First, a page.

As a Community Health Representative, she’s noticed increased anxieties amongst her clients in general and related to the pandemic. Their rise in worry is also affecting her colleagues.
“Sometimes it’s hard not to take on and feel what your clients are going through,” she explains. “It’s always good to have something to manage those feelings, to ground yourself when needed, and to help ground them as well.”
Compton had never even tried yoga before, so the idea of bringing it into staff and client meetings seemed pretty interesting. Like MacLean, she was surprised by how well the terminology matched what she had learned about trauma recovery in her work.
“Reclaiming the body, having a body, and creating safety – it totally made sense to me,” says Compton.
Now Compton finds small ways to bring yoga and mindfulness into her day. A grieving client seemed to take some comfort from a few minutes of belly breathing and grounding exercises. Compton informally gathered a group of co-workers for a check in, and a few physical forms such as seated and standing mountain. The group appreciated the midday stress reliever, says Compton. After a hectic day, Compton says she now practices the grounding and breathing techniques on her own at home.
Co-regulation – links between my health and yours
When Yoga Outreach first conceived of a yoga-in-the-workplace training, it was aimed at overstretched staff in health and recovery facilities where the nonprofit was already delivering yoga to patients. Nicole Marcia, Director of Training and Mentorship at Yoga Outreach, observed that when counsellors in a facility had a chance to ground and self-regulate through mindful movement, the overall relationship between the volunteer yoga teachers, clients, and staff strengthened too.
Taking signals of safety and positivity from those around us is called “co-regulation,” and one of the inspirations for using yoga at work.
“In one way, it’s about the relationship between a counsellor and a client, or a teacher and students, but in another way it’s so much bigger than that,” says Marcia. “It’s also about participants’ relationships with themselves, their coworkers and with the global community. It’s relational work in a big way.”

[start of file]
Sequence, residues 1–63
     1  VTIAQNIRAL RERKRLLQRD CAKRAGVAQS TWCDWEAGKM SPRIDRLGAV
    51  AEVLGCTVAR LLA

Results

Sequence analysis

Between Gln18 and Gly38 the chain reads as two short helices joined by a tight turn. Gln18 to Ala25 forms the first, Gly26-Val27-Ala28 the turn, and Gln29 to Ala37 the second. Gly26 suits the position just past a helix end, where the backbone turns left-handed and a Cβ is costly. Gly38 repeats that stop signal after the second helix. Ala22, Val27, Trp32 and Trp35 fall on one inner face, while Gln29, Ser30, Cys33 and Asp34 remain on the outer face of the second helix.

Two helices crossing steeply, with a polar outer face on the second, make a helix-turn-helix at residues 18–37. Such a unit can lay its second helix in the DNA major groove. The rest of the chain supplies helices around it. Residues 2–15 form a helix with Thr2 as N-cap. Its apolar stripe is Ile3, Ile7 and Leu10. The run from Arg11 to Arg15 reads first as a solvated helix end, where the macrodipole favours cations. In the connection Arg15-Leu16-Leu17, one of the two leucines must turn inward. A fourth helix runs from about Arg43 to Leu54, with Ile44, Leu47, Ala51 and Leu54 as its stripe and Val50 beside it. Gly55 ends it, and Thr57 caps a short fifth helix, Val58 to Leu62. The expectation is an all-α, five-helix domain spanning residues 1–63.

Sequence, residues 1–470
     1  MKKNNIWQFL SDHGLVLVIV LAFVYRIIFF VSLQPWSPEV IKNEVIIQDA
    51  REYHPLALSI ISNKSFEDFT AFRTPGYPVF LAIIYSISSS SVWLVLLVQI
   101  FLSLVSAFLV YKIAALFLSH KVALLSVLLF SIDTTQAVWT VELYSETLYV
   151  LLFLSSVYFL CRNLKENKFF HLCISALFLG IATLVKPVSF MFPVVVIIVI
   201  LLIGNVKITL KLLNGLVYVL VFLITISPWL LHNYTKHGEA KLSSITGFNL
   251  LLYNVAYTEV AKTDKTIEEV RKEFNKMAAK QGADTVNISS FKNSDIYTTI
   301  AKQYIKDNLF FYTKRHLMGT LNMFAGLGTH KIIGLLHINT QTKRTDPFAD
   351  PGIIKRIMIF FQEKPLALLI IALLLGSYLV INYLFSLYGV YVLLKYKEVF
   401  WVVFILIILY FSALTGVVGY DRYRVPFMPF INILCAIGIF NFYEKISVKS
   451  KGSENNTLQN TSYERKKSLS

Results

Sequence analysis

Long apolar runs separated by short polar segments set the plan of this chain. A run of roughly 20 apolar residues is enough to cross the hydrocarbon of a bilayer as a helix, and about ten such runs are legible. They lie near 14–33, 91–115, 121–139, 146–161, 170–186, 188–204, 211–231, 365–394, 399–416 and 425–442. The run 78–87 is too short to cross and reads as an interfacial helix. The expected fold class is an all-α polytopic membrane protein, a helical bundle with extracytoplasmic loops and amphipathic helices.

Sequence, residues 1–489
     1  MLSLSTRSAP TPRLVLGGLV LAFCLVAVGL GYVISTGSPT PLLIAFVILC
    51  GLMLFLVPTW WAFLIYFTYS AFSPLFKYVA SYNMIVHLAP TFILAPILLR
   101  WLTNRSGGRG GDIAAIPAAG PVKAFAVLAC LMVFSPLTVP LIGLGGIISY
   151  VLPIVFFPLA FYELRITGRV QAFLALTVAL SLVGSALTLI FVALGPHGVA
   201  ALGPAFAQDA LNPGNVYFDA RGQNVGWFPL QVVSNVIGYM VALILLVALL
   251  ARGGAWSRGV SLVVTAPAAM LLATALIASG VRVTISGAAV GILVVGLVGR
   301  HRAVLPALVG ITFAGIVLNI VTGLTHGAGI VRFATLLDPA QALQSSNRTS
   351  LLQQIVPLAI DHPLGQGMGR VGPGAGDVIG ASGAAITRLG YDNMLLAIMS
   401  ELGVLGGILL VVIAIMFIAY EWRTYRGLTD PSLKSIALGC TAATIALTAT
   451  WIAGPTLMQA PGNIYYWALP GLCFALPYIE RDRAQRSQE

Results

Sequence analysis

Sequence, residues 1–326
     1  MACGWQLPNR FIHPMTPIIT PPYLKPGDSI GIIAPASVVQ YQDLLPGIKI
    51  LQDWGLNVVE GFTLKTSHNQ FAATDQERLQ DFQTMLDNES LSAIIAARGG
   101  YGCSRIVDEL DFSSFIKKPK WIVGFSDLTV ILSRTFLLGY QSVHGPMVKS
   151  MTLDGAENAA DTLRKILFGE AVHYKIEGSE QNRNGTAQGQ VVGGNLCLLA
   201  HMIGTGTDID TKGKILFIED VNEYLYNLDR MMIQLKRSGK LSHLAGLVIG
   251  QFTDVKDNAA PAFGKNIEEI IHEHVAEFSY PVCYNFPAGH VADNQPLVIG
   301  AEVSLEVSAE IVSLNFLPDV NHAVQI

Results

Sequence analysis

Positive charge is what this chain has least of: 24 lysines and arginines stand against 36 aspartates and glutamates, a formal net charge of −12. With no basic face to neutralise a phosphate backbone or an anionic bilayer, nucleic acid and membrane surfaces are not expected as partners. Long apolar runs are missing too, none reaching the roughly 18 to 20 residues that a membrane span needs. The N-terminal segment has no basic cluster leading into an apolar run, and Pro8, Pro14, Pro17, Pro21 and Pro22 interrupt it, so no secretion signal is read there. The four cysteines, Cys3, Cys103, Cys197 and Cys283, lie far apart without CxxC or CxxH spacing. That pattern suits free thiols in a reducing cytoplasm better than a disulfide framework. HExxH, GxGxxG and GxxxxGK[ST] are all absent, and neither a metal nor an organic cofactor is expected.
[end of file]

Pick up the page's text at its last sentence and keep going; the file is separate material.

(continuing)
Marcia explains that one part of the course focuses on trauma theory, which is useful for professionals to know in many client-facing contexts. However, at least half the time is spent trying out activities for themselves, and then practicing teaching them to others.
“When they leave they have breathing techniques, physical forms they can do in a chair, and grounding techniques, with scripts to accompany all of them,” says Marcia. “They leave with their own sort of toolbox.”
Yoga without trained yoga teachers?
Some people may worry that it’s inappropriate or risky to lead yoga without a teacher training certificate. While this might be true of intense fitness-focused yoga, trauma-informed yoga is entirely sensation focused and student led. Essentially, students (or clients, or coworkers) focus on simple questions, like how it feels to slowly lift an arm up and down, or extend their out breath by one second. Every suggestion is prefaced by an invitation, such “If it feels right for you, ….” so that participants can opt out of movements that conflict with injuries or even their moods.
The only obstacle MacLean sees for people bringing yoga into their work is confidence. Her solution: admitting up front that her leadership comes from experience, rather than expertise.
“I just don’t feel there’s a right way to do mindfulness and meditation. I think that we can all own it in different ways,” MacLean explains. “As long as I say first, ‘I’m not an expert. These are just practices that have worked for me’, then everything that comes after is good.”
By Wendy Goldsmith